Agency could announce change this summer
By David Kerr
At long last, there appears to be some movement regarding marijuana’s classification as a Schedule I drug. The Drug Enforcement Administration, the Department of Health and Human Services and the Office of National Drug Control Policy recently stated in a letter to Congress that they expect to review the classification of cannabis this year.
Specifically, the DEA said it “understands the widespread interest” and “hopes to release its determination in the first half of 2016.”
The DEA will base its decision on the scientific and medical evaluations of cannabis and the recommendation of the Department of Health and Human Services in response to two rescheduling petitions — one of which was filed in 2011 by former governors Christine Gregoire, of Washington, and Lincoln Chafee, of Rhode Island.
This represents important movement, but it isn’t clear if it will result in the progress we are hoping for. It is possible that the determination will be that marijuana should remain a Schedule I drug along with heroin, LSD, mescaline, ecstasy, MDMA, Quaaludes, psilocybin, khat and bath salts. The DEA previously considered reclassifying marijuana in 2001 and 2006, but decided not to remove it from Schedule I.
However, a reclassification to a different schedule could be a significant boost to the nascent recreational marijuana industry. Under the Controlled Substances Act, Schedule II drugs have “a high potential for abuse,” but have “a currently accepted medical use in treatment in the United States or a currently accepted medical use with severe restrictions.” Morphine, OxyContin and Percocet are Schedule II drugs. The classifications go down to Schedule V for drugs with “a low potential for abuse” and accepted medical uses.
Everyone knows the primary inhibitor to progress in the recreational marijuana business is that marijuana remains a Schedule I drug according to the Controlled Substances Act. Schedule I is reserved for drugs the DEA considers to have the highest potential for abuse and no “current accepted medical use.” This, to a large degree, prevents marijuana businesses from opening bank accounts, negates the possibility of getting loans from banks, causes landlords to shy away from entering into leases, and necessitates the stifling regulatory structures that have been enacted in states at the forefront of the emerging cannabis industry.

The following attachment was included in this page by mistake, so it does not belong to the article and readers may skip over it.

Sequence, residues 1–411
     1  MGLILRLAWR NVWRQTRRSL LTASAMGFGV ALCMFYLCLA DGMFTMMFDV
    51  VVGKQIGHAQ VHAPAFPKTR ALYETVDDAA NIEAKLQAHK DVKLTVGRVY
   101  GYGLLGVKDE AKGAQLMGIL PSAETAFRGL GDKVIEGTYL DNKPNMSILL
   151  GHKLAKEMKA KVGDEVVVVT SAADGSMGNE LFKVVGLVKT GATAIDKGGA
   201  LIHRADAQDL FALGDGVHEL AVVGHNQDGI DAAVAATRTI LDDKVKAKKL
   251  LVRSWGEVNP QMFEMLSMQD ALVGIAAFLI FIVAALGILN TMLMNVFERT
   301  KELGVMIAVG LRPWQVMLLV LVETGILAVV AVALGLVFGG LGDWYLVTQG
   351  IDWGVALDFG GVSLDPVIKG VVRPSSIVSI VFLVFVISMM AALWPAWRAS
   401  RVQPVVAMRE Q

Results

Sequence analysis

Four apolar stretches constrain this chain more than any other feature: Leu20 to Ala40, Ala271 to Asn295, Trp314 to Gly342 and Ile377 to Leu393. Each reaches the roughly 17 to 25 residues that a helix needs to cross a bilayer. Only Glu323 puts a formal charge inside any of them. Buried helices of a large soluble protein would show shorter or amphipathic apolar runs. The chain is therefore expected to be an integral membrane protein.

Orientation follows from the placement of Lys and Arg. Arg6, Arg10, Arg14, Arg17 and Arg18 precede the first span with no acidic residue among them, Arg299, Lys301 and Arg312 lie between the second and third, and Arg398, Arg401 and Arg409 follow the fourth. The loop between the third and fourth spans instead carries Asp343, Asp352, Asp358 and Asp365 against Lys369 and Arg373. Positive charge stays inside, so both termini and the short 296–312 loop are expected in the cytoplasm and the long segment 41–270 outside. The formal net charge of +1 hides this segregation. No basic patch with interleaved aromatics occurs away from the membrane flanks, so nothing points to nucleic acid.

I don’t know if it is within the realm of political and regulatory possibility that marijuana could be changed to as low as Schedule V or removed from the schedule altogether. However, even if marijuana only drops to Schedule II (leaving heroin behind, but becoming the unlikely and awkward stepsister of drugs like morphine), that is still a rather seismic shift.
We will know soon enough. Interestingly, we will also know in time for this decision to slip into the dialogue and conversation around the 2016 presidential election.
We have traversed a long and difficult distance from Bill Clinton’s “I didn’t inhale” dodge in 1992. With a DEA determination on marijuana reclassification expected this summer, I am interested in the candidates’ various positions on this topic. I am willing to bet some of them inhaled.
Attorney David Kerr serves business clients throughout Washington, with an emphasis on the emerging legal, regulatory and compliance issues facing new cannabis businesses. He can be reached at email@example.com.